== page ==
lnDR5054= 1.99007 (I 1.69) + .0091S(lND) (2.24) - .00262(y (2.04) ) +.00013Y (0.47) R2 = .22

Comparing the above estimation with the earlier estimation reveals that the inclusion of average national income has little effect on the estimated effects of the industrial composition variable and the

variable measuring the average income of the lowest decile. Consistent with the analyses of Fuchs and Preston (relating average national income to the mortality of economically developed countries) and with expectations based on analyses of U.S. data for individuals (revealing that income’s mortality effect exists primarily at low levels of income), the estimated effect of average income is statistically insignificant. As discussed earlier in the article, there has been little debate about the effect of income, and its distribution, on the mortality of countries with low average levels of income. It &for economically developed nations that questions about income’s role in determining national mortality rates have arisen. Although poor countries are excluded from the data set used in the analyses in this study, the estimated negative association between the income of the lowest decile and mortality could still reflect the experiences of the least economically developed countries in the data set. If this were the case, then we would expect that as the countries with the lowest average income levels were deleted from the data set, the estimated effect of Y,,, would lessen or disappear. Table 3 shows the estimated effects of the model’s two explanatory variables as countries with relatively low average incomes are deleted from the data set.30 Rather than decreasing, as progressively higher-income countries are considered, the estimated effect of Y10 generally increases. One possible interpretation of the increase is that it is a manifestation of the hypothesized phenomenon discussed in part III in which socioeconomic mortality differentials are a function of the extent to which death is preventable, with the richest nations having the greatest potential to prevent death. The international comparisons shown in chart 3 revealed that excess U.S. mortality varies according to age, with a peak occurring for the earYy adult years and high relative mortality persisting throughout most of the adult years, but steadily declining with the onset of middle age. As such, we might expect that if we extended the international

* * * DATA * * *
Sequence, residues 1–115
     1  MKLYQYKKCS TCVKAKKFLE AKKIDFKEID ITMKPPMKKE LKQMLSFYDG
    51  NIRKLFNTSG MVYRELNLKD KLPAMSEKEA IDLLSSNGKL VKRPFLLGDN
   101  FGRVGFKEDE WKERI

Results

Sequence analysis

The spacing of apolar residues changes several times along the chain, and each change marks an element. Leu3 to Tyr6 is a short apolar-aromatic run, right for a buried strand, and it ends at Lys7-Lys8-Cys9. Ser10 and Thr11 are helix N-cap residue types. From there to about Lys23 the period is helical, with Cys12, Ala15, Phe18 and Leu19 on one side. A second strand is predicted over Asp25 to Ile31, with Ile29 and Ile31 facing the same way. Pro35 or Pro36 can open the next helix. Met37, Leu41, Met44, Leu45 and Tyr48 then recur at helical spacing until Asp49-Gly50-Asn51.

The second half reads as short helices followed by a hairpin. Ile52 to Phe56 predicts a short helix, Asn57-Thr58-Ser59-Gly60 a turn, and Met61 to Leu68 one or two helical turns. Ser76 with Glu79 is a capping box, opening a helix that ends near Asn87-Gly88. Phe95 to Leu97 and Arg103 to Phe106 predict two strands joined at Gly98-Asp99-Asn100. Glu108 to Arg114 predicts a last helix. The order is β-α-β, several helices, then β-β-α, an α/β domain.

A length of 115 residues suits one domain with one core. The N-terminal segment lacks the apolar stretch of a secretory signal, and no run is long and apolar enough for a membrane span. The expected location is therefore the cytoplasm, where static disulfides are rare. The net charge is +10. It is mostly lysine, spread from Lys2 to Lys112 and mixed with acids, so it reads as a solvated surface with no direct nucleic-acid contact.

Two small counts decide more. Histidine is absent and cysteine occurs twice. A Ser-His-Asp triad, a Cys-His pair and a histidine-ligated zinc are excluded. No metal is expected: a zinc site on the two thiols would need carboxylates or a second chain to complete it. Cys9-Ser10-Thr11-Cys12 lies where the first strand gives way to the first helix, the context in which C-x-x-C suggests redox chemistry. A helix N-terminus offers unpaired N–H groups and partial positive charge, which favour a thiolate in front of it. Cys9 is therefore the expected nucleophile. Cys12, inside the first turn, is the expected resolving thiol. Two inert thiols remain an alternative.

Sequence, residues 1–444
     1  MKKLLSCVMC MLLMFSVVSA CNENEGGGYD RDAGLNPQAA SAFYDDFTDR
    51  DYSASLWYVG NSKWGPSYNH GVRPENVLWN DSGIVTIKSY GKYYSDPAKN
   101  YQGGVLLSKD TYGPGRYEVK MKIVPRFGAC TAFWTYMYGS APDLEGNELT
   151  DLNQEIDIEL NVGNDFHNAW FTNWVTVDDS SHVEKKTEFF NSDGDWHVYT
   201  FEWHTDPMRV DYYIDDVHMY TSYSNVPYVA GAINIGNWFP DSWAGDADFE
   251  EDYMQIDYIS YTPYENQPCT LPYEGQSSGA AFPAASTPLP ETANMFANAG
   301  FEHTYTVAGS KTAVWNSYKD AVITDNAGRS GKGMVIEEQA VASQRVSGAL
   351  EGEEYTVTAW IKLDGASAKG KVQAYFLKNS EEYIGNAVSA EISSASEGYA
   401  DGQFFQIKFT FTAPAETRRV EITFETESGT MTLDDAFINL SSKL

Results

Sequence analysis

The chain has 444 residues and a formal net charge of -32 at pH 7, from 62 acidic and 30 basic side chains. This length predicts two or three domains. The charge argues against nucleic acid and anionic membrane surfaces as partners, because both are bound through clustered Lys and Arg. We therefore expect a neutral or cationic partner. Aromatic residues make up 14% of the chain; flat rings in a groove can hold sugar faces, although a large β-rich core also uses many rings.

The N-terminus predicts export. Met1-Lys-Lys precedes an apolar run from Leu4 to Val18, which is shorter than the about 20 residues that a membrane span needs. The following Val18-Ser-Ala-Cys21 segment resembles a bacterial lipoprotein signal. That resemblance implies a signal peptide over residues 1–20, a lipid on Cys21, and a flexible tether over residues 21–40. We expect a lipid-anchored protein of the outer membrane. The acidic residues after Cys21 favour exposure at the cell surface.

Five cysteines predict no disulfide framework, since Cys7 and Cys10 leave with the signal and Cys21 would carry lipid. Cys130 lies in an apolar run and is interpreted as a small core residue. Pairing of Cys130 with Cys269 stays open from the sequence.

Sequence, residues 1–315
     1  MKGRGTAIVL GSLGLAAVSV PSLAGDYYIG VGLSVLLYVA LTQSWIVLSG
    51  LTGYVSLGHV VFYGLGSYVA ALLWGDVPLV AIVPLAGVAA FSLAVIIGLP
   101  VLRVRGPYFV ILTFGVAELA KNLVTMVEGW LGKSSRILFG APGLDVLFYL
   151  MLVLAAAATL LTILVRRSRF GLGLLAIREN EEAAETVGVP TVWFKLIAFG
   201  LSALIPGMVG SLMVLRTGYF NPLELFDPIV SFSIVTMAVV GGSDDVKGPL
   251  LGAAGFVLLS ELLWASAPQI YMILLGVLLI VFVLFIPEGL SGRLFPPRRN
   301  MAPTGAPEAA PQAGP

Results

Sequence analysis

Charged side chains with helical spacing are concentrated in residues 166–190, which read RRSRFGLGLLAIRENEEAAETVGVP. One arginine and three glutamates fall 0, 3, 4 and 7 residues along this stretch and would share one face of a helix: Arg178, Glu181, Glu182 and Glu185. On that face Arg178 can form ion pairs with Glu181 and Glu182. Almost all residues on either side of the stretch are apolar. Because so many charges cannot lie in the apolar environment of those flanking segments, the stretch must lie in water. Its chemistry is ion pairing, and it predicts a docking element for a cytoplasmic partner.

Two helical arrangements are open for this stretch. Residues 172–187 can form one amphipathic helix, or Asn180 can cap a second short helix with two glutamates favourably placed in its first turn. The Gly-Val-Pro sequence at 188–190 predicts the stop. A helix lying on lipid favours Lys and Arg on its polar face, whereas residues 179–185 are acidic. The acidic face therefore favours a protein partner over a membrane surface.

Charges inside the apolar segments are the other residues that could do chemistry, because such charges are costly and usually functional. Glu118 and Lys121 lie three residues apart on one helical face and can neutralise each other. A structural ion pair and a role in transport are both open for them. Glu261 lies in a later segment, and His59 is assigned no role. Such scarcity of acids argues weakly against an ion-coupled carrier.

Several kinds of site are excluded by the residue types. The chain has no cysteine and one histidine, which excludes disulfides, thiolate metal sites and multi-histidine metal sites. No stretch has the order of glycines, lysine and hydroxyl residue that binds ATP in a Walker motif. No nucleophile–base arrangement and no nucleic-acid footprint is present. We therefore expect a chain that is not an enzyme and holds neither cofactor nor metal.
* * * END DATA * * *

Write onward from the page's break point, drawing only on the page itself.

regression estimation to other adult ages, we would find the estimated effect of Y10 to be greatest for the young adult years, continuing through most of the adult years, but steadily declining with the onset of middle age, and eventually becoming insignificant at the oldest ages. Table 4 shows the estimated effects of the model’s two explanatory variables, IND and Y,,,, for the 20-24 age group through the SO-84 group.J1 Table 5 shows the same estimations based on a data set that excludes countries with per capita incomes lower than $3,000 in 1970 ($11,459 in 1994 U.S. dollars). The left sides of tables 4 and 5 show estimates based on analyses in which mortality is measured during the years 1975-77. Using the same values for the explanatory variables, the right sides of these tables show estimates based on analyses in which mortality is measured during the years 1988-90. Underlying the estimations with more recent mortality data is the assumption that the relative positions of countries, in terms of their industrial composition, income distribution, and income level have remained fairly stable over time.32 For men aged 20 to 24, the effect of the income variable is generally small and statistically insignificant. Thus, although there is a very large relative socioeconomic mortality differential at young adult ages in the United States (and high excess U.S. mortality at these ages in the international comparison shown in chart 3), the lack of a statistically significant effect of Y,, suggests that the level of income received by the lowest decile does not generally contribute to higher mortality across nations for this age group.33 At all other age groups, except for the oldest group, the estimated effect of Y10 is statistically significant (at a lopercent level or better) and is important in terms of the size of its mortality effect. Furthermore, in keeping with our previous expectations, the estimated effect of Ml0 generally decreases with increasing age, eventually diminishing into statistical insignificance for the oldest age groups.34 Comparing the estimated coefficients for the 1975-77 period with the 1988-90